Translations in Dutch

Translations in Dutch Require Unique Considerations

(Last Updated On: December 11, 2017)

Translations in Dutch

Translations in Dutch from English tend to be easy for several reasons. Dutch and English are both Germanic languages. That is, they are both based on a common root language – German. Dutch is so similar to both German and English in the fact that it is pretty much a middle ground between the two and retains many of the characteristics of each. This makes translation far simpler than that of many European Romance languages based in Latin.

The majority of European languages (including Dutch) as well as English use a variant of the Latin alphabet. In many of its technical aspects, Dutch reflects characteristics that are more German. Dutch grammar leans more toward German than English does, though some of the primary German grammatical features are missing. For instance, Dutch and German case usages vary. Verbs and syntax are used in nearly the same manner in both languages as well. However, Dutch has evolved over time and though it reflects many German characteristics, it has become more simplified. It now draws more words and characteristics of English and Romance languages than it once did. Dutch is significantly simpler than its German roots. Therefore, Translations in Dutch from English are less complicated than German to English translation.

The German language has a noticeably complicated tendency toward long compound nouns when naming new words entering the language. Three and four-word name of objects and ideas are widespread in German. The Dutch language has retained this tendency as well as a large portion of its Romance language-based vocabulary. Dutch covers a huge vocabulary –more than 400,000 unique words – and can seem difficult to learn and translate as a result. There is a strong link between the Dutch and French languages because of the position of prestige the French culture traditionally held in upper class Dutch society. Romance words and phrases in Dutch have been borrowed primarily from French. The trend more recently, though, has been to borrow fewer new words from French and instead get them from English. This is especially true in the lower and middle classes.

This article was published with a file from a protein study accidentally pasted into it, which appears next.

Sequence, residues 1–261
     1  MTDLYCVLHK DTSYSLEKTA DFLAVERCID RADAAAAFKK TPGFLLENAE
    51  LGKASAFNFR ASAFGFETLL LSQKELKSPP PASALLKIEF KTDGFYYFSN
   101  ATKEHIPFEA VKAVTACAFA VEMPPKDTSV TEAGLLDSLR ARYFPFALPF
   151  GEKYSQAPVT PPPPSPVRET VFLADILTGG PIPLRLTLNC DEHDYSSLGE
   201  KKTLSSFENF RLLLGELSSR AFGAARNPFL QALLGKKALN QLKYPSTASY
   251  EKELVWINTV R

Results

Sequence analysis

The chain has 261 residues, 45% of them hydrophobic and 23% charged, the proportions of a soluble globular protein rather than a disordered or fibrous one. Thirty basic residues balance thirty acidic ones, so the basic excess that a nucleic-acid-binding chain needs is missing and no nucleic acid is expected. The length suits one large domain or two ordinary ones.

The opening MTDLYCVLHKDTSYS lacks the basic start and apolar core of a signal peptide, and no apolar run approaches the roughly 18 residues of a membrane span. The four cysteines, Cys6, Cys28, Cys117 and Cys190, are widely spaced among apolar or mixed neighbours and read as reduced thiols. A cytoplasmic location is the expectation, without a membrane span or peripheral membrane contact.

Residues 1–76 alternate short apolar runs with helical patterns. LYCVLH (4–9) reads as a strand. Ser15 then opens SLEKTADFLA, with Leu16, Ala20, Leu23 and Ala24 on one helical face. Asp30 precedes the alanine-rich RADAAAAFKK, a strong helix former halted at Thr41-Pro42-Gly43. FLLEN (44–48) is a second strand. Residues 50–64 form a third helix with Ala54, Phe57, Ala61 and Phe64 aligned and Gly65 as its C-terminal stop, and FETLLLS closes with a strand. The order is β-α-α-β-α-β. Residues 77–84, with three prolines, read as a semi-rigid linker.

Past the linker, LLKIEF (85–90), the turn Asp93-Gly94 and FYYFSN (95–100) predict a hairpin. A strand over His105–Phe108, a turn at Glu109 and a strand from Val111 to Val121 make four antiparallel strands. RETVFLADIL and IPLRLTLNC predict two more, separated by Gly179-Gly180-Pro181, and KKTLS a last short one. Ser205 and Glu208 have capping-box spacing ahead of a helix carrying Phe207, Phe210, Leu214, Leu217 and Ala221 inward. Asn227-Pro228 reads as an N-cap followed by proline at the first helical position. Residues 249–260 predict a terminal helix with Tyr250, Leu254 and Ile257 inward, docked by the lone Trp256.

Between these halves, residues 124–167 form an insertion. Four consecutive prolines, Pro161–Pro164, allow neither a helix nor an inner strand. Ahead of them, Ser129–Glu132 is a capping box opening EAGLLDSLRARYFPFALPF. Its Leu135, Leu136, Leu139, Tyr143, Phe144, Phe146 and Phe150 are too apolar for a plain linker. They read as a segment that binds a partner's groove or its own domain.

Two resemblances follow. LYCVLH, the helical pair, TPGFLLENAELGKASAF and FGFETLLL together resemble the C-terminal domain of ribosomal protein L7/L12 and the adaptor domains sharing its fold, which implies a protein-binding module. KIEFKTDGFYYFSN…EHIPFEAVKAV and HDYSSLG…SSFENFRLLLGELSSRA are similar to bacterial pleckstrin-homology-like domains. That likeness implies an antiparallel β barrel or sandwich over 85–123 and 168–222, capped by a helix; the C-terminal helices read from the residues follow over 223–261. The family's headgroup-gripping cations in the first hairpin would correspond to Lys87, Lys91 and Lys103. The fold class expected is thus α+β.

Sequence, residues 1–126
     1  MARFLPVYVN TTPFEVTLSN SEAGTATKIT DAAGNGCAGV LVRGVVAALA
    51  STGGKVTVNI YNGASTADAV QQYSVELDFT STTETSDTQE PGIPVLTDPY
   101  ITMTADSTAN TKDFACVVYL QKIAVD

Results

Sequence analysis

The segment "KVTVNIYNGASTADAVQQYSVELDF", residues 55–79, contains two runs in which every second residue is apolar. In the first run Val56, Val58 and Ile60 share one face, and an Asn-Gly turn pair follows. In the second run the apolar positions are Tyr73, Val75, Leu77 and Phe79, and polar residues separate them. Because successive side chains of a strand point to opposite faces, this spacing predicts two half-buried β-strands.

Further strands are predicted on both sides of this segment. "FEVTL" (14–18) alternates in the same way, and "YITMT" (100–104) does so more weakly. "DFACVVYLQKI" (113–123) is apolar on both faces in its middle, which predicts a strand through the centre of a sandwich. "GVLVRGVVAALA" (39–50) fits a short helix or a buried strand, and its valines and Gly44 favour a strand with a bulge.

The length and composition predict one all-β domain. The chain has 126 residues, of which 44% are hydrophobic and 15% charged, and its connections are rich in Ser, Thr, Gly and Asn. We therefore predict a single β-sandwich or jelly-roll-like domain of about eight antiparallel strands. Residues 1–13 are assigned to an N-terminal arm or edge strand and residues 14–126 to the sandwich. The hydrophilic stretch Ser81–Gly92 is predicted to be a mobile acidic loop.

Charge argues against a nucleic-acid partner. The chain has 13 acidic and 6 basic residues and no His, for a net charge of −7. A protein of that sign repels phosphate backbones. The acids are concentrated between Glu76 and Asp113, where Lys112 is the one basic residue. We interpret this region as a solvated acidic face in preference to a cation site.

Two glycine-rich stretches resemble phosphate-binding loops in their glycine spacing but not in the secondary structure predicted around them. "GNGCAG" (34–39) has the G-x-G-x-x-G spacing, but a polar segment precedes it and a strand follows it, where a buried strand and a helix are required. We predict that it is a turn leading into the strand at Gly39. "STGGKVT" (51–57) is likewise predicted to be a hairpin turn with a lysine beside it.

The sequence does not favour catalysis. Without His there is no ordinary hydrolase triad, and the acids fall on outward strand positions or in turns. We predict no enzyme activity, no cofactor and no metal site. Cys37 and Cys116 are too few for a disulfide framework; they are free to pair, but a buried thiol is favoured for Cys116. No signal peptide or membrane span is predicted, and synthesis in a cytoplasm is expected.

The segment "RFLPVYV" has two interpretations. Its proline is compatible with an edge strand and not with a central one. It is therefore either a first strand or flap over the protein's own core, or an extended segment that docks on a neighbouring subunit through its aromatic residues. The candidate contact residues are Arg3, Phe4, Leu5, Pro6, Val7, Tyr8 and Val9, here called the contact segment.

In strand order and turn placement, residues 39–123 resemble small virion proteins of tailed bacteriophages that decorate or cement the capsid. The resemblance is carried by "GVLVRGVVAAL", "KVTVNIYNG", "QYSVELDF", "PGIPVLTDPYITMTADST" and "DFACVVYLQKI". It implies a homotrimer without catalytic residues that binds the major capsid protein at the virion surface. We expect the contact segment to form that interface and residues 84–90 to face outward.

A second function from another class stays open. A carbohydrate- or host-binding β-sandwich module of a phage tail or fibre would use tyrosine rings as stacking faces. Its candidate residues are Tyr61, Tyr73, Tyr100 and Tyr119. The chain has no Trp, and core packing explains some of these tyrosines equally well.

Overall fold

Dutch retains its deep bond with German and as such continues to prove somewhat difficult for translators for Translations in Dutch from English. However, the task is becoming less challenging over time. As Dutch simplifies and absorbs more and more English vocabulary, the translation process between the two becomes easier. Nevertheless, translations of important documents should still be performed with the assistance of a professional translation agency. This will ensure that the Translations in Dutch are both culturally sensitive and technically accurate to the highest degree possible.